A Romulan scout ship, under attack from a pursuing Romulan Warbird, comes charging across the Neutral Zone. Its sole occupant, Setal (James Sloyan), desperately requests asylum, which the Enterprise grants. Setal claims that a secret Romulan base along the Neutral Zone is the site of a massive Romulan fleet poised for an invasion.
Ron Moore's second TNG script is a marked improvement over his first. "Defector" documents — with high stakes and no shortage of fascinating twists and turns — a consistently interesting battle of wits between the Romulans and Federation. In its third season, TNG has turned the Romulan Empire into a worthy nemesis that is as sneaky and cunning as it is aggressive and threatening.
The central question of this story is whether Setal is actually telling the truth, or if he is a Romulan spy trying to lure the Enterprise with false intelligence into illegally entering the Neutral Zone and starting a war. Setal is perfectly played by James Sloyan, who conveys the urgent sincerity of a man trying to prevent a war while at the same time playing a man who is still every bit Romulan at heart, from his love for his homeland to his hatred of the Klingons (he curses Worf in an early scene) to his acerbic, superior attitude. He's here because he wants to stop what he believes is a misguided offensive that will destroy his homeland, not because he wants to betray it. The plot thickens when Setal is revealed to actually be Admiral Jarok, a high-ranking official responsible for infamous attacks on the Federation.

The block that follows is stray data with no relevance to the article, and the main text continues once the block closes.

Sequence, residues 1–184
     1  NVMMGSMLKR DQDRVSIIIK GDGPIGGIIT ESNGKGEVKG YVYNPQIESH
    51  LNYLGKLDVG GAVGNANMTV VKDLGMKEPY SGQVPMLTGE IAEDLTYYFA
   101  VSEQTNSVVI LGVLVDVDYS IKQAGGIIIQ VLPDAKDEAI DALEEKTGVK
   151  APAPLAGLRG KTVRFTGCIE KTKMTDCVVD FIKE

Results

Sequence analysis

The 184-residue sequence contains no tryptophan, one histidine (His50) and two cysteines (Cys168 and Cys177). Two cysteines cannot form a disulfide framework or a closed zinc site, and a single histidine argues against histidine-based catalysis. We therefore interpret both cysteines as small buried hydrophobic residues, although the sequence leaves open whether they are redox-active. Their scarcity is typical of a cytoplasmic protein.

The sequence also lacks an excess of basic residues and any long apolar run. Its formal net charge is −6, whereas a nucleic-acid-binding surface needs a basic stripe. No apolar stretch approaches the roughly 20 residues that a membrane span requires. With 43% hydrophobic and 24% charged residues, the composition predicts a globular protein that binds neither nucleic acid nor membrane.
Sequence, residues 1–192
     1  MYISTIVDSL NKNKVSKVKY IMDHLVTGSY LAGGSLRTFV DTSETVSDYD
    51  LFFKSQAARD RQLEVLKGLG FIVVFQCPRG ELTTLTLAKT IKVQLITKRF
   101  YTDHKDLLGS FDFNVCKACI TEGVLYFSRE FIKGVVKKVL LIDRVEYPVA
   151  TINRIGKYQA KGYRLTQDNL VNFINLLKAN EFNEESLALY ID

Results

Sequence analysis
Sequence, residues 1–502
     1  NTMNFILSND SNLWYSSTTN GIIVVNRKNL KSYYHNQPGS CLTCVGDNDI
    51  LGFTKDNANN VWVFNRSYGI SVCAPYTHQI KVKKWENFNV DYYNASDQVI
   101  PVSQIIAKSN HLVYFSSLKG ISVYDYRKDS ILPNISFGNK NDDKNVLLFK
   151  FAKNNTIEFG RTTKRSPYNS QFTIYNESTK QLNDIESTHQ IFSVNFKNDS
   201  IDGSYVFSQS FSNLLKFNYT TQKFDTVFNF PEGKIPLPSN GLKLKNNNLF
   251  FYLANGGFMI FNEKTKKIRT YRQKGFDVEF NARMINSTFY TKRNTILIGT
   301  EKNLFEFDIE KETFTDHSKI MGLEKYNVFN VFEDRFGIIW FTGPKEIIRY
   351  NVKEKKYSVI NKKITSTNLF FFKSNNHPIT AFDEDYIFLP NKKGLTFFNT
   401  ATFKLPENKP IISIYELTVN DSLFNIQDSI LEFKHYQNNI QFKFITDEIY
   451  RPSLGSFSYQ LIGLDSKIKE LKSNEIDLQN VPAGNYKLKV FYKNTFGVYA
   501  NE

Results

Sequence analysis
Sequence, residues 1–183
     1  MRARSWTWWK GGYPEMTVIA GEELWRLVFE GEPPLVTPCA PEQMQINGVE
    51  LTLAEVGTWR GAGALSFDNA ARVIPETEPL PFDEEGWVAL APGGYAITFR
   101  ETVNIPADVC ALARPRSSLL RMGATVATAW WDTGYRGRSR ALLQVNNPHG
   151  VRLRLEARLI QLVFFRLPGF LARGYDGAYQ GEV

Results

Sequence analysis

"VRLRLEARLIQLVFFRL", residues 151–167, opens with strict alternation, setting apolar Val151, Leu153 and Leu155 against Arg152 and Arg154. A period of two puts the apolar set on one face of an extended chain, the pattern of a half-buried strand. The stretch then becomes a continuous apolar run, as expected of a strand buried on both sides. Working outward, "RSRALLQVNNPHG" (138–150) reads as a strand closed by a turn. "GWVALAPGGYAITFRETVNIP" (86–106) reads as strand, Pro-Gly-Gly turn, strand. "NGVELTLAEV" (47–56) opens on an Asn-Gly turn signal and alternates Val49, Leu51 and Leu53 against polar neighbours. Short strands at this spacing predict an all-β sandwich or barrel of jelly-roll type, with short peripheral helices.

Picard's dilemma is that he has no evidence of a Romulan invasion plot other than Jarok's word. Indeed, evidence suggests that the Romulans' pursuit of Jarok might have been staged entirely for the Enterprise's benefit. In a startlingly terrific scene, Picard pointedly gives Jarok a wake-up call, telling him that he's already a traitor to his people, no matter how much he may think he's trying to be a patriot, and that he should follow through on his intentions and give the Enterprise the information they need to investigate the allegation properly.
It all leads to a dangerous venture into the Neutral Zone, which leads to another interesting showdown with Tomalak. The Romulans' willingness to use Jarok as a patsy in this plan is diabolically devious — one might say cruel — and makes Jarok the tragic figure in a heartless chess game. Just when the Enterprise looks outmatched and outgunned, Picard has one last trick up his sleeve. The writers had cleverly sneaked in the crucial clue (about the cloaked Klingon escorts) just under the radar. This chess game ends in a stalemate that keeps war at bay.
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